The odds of getting off a wait list will usually be worse at institutions that enjoy nationally recognized brand names. The University of Michigan represents an extreme example.


U of M offered a whopping 11,197 applicants a wait-list invitation during the most recently concluded admission season and 3,970 accepted. Michigan took only 36 individuals from the list. That’s less than 1 percent of the students on the waiting list.


On the other extreme, Penn State University admitted almost everyone on their wait list in 2015-2016, 1,445 applicants out of 1,473 (98 percent).  


5. Why colleges have embraced wait lists


Affluent students, who aren’t deterred by the expense of applying to colleges, are the ones who tend to apply to many prestigious colleges. Students assume that the more the applications they submit, the better their admission chances. This behavior drives colleges crazy because it makes it harder for admission offices to know who truly wants to attend their institutions, which can wreak havoc with their admission yield rates.  One way that colleges handle this lottery mentality is to put more students on wait lists.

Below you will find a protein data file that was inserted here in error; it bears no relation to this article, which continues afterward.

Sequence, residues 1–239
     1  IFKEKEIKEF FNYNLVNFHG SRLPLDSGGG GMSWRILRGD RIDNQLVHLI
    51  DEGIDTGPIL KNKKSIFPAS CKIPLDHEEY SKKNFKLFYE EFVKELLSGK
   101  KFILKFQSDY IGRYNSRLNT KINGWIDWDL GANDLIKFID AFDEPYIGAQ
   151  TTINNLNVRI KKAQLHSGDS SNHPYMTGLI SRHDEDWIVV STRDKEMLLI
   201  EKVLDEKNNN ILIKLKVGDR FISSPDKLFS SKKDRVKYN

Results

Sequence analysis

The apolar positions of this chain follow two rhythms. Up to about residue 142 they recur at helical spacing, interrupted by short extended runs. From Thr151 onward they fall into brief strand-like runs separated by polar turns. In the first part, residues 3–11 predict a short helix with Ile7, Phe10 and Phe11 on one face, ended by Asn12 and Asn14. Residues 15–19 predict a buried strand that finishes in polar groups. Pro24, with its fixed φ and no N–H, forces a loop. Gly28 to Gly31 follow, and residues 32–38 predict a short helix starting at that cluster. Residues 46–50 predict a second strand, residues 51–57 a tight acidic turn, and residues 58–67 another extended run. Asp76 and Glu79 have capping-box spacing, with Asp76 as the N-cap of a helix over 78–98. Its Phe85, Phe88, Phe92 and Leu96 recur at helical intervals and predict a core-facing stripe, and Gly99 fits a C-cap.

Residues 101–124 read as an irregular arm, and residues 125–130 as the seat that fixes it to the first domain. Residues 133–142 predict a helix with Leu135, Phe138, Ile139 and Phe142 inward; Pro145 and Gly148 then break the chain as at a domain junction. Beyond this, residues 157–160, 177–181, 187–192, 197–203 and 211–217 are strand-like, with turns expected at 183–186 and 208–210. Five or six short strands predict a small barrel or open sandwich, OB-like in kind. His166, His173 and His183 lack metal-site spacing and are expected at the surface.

In their defense, colleges say that they need to invite many teenagers on their waiting list because admission staffers don’t know upfront whom they might need whether that be a tuba player for the marching band, a few more philosophy majors or teens from three time zones away.


6. Look up the odds


A quick way to check the odds of being rescued from a wait list is to head to the College Board’s website. In the search box on the home page, type in the name of the college and then hit its Applying link. You’ll find the wait-list figures at the top of the page.


7. Look for a wait-list pattern


For historic statistics on wait lists, you can look at an institution’s annual Common Data Sets (CDS).  The CDS is a standardized document that collegiate publishers, including the College Board and U.S. News & World Report, use to obtain admission statistics from individual colleges.


The wait list statistics will be in the section entitled First-Time, First-Year (Freshmen) Admission. To find these documents, Google the name of the college and “Common Data Set.”


Here is what I found by looking at four years of wait-list figures at Vanderbilt University. In the earlier years, Vanderbilt had accepted four percent of wait-listed applicants, but in the past two years the percentage was infinitesimal.